final thoughts

Prepare for immune offenders by developing healthy habits at home that your kids can stick to. Movement, whole foods, stress reduction, and immune-supportive nutrients go a long way in keeping the entire family stay healthy during the winter months. Supplements can be an excellent add-on to these wholesome routines, especially as children deal with back-to-school immune challenges.

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[1] Iddir, M., Brito, A., Dingeo, G., Fernandez Del Campo, S. S., Samouda, H., La Frano, M. R., & Bohn, T. (2020). Strengthening the Immune System and Reducing Inflammation and Oxidative Stress through Diet and Nutrition: Considerations during the COVID-19 Crisis. Nutrients, 12(6), 1562.

[2] Pereira, M. T., Malik, M., Nostro, J. A., Mahler, G. J., & Musselman, L. P. (2018). Effect of dietary additives on intestinal permeability in both Drosophila and a human cell co-culture. Disease models & mechanisms, 11(12), dmm034520.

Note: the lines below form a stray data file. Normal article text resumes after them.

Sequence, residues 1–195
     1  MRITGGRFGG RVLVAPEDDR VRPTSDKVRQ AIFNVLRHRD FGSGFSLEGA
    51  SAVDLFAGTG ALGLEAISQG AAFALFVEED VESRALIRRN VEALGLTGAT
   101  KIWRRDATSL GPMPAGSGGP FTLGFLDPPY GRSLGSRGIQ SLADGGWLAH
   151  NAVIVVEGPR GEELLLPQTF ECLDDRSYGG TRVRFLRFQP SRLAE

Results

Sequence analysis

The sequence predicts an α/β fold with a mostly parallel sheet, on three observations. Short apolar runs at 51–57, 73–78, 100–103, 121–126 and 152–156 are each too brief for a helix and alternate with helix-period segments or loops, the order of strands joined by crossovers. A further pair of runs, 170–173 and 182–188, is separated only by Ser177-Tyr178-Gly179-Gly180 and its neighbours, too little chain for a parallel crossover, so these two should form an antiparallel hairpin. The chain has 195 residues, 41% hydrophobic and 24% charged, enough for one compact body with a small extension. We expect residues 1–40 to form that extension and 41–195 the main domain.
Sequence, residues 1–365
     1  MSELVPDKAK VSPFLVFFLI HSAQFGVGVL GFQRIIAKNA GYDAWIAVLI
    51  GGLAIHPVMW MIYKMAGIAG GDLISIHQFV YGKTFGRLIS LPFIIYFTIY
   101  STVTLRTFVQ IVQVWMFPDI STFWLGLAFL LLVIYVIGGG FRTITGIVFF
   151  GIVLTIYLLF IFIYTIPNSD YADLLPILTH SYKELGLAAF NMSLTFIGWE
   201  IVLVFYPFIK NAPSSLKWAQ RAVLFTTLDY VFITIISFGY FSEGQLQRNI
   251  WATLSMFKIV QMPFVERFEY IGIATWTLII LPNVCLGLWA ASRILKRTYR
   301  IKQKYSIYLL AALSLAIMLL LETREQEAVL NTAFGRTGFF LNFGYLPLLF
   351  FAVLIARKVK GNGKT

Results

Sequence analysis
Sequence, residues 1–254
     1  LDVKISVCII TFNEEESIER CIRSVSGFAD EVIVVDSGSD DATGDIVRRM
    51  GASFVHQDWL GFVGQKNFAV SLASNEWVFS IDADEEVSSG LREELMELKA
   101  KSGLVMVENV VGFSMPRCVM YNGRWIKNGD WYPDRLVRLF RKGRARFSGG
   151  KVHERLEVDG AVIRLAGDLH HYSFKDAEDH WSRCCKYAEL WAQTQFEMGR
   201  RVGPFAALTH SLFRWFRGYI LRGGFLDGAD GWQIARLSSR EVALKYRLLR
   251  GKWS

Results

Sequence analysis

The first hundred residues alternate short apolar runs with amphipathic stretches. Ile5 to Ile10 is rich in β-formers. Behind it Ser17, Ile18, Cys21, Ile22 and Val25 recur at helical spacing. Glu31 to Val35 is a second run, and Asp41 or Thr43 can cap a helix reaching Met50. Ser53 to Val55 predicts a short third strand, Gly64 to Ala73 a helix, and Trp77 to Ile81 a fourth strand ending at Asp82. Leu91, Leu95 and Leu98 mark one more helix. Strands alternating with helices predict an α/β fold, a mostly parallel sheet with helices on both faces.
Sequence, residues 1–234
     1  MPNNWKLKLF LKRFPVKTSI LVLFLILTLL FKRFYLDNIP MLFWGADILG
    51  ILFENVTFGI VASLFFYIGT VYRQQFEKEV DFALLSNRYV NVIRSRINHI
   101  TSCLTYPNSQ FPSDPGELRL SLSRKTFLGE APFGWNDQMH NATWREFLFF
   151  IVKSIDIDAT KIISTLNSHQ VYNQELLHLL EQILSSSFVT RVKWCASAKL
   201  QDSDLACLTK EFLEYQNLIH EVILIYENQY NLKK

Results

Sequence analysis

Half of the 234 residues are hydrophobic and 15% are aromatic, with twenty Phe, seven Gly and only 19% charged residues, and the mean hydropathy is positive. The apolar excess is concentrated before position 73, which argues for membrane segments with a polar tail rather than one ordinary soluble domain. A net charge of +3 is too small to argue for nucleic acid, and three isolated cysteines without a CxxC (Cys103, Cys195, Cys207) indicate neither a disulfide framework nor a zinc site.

[3] Carlsson E, Ludvigsson J, Huus K, Faresjö M. High physical activity in young children suggests positive effects by altering autoantigen-induced immune activity. Scand J Med Sci Sports. 2016 Apr;26(4):441-50. doi: 10.1111/sms.12450. Epub 2015 Apr 18. PMID: 25892449.

[4] Besedovsky, L., Lange, T., & Born, J. (2012). Sleep and immune function. Pflugers Archiv : European journal of physiology, 463(1), 121–137.

[5] Segerstrom, S. C., & Miller, G. E. (2004). Psychological stress and the human immune system: a meta-analytic study of 30 years of inquiry. Psychological bulletin, 130(4), 601–630.

*These statements have not been evaluated by the Food and Drug Administration. This product is not intended to diagnose, treat, cure or prevent any disease.